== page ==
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Re: Aicas again
Re: Aicas again
Mon, 23 Jan 2006 20:57:57 -0800
On Jan 23, 2006, at 7:02 PM, Dalibor Topic wrote:
If the new native layer code turns out to be something that does
more harm then good, then it should be either autoconfiscated, to
save what makes sense saving, or reverted and presumably gradually
rewritten to remove the macros for good. I am not sure if it's too
early to tell, I have not looked at the rewrite in past week myself.
One salient point, I think, is that this goes against the standard
way GNU packages are written, which seems to me to basically be to
target GNU, but try to be as portable as possible, and use autoconf
to sort out the messy bits.
And, a lot of the code I've looked at breaks GNU's style rules
(besides using macros absolutely everywhere), which I don't like.
It does make debugging much harder, so that right there is a negative.
I doubt that will change much for Darwin, either way, since Darwin
is different enough from Linux to trigger portability issues. The
same would be the case if GNU Classpath had more developers using
Cygwin, which also gets regularly broken, in my experience, and
will get regularly broken in the future no matter what approach to
portability layers we take.
I do also think there is value in just writing UNIX-portable code; it
seems, to me, to encourage better thinking about what one is writing,
without relying on some obscure OS-specific crutch. It is like when I
hear C# or Java programmers say they can't write anything lower
level, because they depend too much on features (which are often
overly generic and inefficient) tied to that environment.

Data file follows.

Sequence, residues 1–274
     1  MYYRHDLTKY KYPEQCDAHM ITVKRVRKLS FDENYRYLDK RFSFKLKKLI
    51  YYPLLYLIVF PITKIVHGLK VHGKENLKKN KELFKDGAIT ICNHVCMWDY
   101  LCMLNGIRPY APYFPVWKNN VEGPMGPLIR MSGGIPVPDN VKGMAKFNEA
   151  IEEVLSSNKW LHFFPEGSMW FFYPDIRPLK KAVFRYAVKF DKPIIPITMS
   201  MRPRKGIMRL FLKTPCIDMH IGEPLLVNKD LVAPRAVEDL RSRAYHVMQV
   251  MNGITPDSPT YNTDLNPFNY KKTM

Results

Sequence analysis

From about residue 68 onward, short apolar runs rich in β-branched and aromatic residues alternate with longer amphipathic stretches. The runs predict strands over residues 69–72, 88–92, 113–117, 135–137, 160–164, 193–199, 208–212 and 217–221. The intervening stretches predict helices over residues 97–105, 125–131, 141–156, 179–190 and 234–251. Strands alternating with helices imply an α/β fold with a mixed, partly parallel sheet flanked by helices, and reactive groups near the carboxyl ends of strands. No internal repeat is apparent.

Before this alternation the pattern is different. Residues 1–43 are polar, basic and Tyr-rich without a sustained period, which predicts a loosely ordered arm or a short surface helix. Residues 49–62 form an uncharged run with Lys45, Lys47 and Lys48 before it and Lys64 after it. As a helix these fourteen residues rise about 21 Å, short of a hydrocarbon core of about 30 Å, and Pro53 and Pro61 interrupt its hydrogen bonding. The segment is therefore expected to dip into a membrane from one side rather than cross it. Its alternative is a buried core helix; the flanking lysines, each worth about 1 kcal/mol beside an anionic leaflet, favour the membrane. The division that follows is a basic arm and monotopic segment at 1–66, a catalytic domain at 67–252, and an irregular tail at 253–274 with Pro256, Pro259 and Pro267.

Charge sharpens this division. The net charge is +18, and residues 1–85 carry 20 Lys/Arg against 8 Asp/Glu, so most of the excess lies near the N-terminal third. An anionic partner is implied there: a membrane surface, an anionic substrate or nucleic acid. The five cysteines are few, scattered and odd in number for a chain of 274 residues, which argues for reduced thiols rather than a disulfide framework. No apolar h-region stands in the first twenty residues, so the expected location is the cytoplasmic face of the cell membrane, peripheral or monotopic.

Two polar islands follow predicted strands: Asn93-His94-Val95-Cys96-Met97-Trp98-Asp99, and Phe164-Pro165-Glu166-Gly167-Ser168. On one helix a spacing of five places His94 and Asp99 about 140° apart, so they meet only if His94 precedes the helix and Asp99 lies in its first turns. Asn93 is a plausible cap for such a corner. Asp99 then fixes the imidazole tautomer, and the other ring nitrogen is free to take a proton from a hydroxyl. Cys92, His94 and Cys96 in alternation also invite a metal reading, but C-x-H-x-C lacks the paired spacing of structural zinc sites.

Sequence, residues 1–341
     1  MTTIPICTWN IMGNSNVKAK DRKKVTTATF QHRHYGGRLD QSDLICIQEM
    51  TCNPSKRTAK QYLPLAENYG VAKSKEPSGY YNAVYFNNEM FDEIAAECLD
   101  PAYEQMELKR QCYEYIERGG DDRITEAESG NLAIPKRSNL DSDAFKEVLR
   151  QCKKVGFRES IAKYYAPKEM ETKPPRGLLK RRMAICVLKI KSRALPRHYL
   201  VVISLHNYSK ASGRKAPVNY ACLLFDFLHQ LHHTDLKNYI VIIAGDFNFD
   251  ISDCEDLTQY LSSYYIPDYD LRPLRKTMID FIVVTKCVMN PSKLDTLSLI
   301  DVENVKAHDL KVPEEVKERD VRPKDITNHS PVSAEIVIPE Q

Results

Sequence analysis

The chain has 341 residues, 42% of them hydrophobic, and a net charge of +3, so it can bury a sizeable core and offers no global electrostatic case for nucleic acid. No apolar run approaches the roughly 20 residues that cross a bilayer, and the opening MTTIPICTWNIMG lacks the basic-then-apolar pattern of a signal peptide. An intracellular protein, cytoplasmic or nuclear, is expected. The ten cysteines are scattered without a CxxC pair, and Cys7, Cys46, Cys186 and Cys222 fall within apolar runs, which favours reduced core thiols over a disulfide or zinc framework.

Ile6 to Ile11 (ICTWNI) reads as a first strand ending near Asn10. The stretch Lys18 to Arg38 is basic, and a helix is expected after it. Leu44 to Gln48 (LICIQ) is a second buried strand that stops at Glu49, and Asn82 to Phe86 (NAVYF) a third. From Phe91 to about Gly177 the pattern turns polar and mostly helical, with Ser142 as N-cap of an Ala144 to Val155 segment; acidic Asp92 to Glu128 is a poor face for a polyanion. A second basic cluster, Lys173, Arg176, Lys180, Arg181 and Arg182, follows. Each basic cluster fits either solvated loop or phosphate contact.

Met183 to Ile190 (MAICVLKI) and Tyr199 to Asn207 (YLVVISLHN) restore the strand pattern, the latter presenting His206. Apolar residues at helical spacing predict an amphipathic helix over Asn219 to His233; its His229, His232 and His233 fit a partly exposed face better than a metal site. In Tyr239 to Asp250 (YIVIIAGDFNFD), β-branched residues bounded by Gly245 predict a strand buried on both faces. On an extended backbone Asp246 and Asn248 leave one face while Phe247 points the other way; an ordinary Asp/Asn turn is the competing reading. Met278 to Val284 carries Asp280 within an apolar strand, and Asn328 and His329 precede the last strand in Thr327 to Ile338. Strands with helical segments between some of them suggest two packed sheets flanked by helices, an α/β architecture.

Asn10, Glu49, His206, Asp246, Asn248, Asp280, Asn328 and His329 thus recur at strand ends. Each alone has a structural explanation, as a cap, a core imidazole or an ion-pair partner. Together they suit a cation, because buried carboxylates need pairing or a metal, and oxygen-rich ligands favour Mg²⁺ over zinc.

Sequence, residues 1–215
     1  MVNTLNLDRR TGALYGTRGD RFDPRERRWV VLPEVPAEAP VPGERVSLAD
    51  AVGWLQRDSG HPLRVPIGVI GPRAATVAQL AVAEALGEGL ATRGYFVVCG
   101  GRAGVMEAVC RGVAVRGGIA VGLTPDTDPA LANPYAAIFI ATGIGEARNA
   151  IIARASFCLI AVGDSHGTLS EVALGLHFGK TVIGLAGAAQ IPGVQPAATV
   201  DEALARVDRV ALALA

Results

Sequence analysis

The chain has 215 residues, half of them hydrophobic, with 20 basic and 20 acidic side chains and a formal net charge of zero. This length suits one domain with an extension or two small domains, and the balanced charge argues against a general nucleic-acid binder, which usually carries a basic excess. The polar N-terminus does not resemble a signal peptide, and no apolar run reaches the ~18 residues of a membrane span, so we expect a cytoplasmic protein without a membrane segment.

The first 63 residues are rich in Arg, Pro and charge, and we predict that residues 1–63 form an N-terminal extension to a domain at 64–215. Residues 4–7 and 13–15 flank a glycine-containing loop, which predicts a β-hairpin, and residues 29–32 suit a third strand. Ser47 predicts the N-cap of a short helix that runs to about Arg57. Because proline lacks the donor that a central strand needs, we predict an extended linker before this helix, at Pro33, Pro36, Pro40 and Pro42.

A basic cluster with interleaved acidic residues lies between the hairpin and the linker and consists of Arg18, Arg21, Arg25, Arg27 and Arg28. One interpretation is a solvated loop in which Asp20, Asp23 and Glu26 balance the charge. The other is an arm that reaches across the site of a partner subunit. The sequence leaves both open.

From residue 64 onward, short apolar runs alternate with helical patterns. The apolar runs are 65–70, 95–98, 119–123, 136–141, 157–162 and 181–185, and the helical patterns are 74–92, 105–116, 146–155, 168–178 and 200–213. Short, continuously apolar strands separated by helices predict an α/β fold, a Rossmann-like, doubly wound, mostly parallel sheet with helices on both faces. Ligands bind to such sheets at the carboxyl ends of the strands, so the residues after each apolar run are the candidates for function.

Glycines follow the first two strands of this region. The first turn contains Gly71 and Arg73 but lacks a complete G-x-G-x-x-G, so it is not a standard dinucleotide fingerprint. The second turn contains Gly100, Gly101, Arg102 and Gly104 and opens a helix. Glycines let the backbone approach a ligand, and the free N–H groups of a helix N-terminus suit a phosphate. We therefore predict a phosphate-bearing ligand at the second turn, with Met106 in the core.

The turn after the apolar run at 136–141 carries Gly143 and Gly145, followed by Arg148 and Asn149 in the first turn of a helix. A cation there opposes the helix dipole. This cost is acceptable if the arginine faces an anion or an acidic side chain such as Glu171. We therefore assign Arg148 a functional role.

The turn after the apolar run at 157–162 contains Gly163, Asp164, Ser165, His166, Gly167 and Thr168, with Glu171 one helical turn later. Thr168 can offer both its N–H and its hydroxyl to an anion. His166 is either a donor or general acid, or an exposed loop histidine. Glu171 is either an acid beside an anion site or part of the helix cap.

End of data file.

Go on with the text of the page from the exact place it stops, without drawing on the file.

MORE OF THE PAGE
Runtimes that care about niche platforms like Darwin, Cygwin,
Solaris, or eCos are at any time able to write and maintain their
own code for the native layer anyway thanks to the VM interface
layer, and several runtimes seem to be working fine that way.
And that's what Aicas should do! This target-native stuff seems to
work really great for them, since they push it so hard. But in the
end it isn't terribly portable or usable by the community, and for
the life of me I don't see what value they get out of the JNI code
that wraps all of these macros. It seems to me like writing a POSIX
layer for whatever they are targeting would be easier -- why is
`TARGET_NATIVE_ERROR_TRY_AGAIN' better than just writing your own
`#define EAGAIN?' Why can't you just call `TARGET_NATIVE_LAST_ERROR'
`errno' for platforms that don't have a real errno?
By the way, I don't want to sound like I'm just picking on Aicas
here; I should have introduced this as a discussion on just the
native layer, not this company in particular. If they had a good
suggestion on how to write the native interface, then I'd be fine
with it. I just think this one is extraordinarily bad.
I think the interesting question is where to draw the line what
needs to be included in GNU Classpath (and at what cost) and what
I think a nice, simple, almost reference-implementation style native
library makes sense for Classpath (for the things that make sense to
write as straight JNI code; truly VM-specific stuff needn't be
included). As far as targets go, popular platforms that free software
users use is best -- and that may not include Darwin, but GNU/Linux
and the sane BSD's should be supported.
I believe we'll be able to draw a clearer line once the last native
layer experiment is over, but I haven't been following the
discussion closely enough to be able to tell if it is over by now,
or if the current state of afairs is some transition state to
Is this really mostly an experimental thing? If it is, then it has
even less business being the only way of compiling native code right
now. It should have been done on a branch, especially since it is
continuously breaking things.